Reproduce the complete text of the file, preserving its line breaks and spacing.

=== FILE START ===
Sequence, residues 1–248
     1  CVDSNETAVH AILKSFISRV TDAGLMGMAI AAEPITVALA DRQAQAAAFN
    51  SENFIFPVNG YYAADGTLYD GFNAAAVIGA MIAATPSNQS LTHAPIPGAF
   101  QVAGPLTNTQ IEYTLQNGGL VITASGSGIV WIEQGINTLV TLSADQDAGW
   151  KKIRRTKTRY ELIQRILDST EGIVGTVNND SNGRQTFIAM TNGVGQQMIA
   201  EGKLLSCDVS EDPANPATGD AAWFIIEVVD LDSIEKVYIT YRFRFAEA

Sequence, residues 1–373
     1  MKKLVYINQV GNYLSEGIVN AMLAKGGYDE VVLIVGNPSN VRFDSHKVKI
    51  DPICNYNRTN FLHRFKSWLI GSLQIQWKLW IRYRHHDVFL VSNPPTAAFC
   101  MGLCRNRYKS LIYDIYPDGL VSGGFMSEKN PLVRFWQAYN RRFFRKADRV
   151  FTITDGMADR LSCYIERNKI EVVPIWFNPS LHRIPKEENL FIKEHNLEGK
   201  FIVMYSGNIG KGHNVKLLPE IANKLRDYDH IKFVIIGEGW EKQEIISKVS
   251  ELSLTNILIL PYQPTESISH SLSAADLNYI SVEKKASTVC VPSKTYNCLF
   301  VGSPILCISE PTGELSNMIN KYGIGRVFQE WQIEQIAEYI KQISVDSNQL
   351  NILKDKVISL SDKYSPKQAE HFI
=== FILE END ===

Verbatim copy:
Sequence, residues 1–248
     1  CVDSNETAVH AILKSFISRV TDAGLMGMAI AAEPITVALA DRQAQAAAFN
    51  SENFIFPVNG YYAADGTLYD GFNAAAVIGA MIAATPSNQS LTHAPIPGAF
   101  QVAGPLTNTQ IEYTLQNGGL VITASGSGIV WIEQGINTLV TLSADQDAGW
   151  KKIRRTKTRY ELIQRILDST EGIVGTVNND SNGRQTFIAM TNGVGQQMIA
   201  EGKLLSCDVS EDPANPATGD AAWFIIEVVD LDSIEKVYIT YRFRFAEA

Sequence, residues 1–373
     1  MKKLVYINQV GNYLSEGIVN AMLAKGGYDE VVLIVGNPSN VRFDSHKVKI
    51  DPICNYNRTN FLHRFKSWLI GSLQIQWKLW IRYRHHDVFL VSNPPTAAFC
   101  MGLCRNRYKS LIYDIYPDGL VSGGFMSEKN PLVRFWQAYN RRFFRKADRV
   151  FTITDGMADR LSCYIERNKI EVVPIWFNPS LHRIPKEENL FIKEHNLEGK
   201  FIVMYSGNIG KGHNVKLLPE IANKLRDYDH IKFVIIGEGW EKQEIISKVS
   251  ELSLTNILIL PYQPTESISH SLSAADLNYI SVEKKASTVC VPSKTYNCLF
   301  VGSPILCISE PTGELSNMIN KYGIGRVFQE WQIEQIAEYI KQISVDSNQL
   351  NILKDKVISL SDKYSPKQAE HFI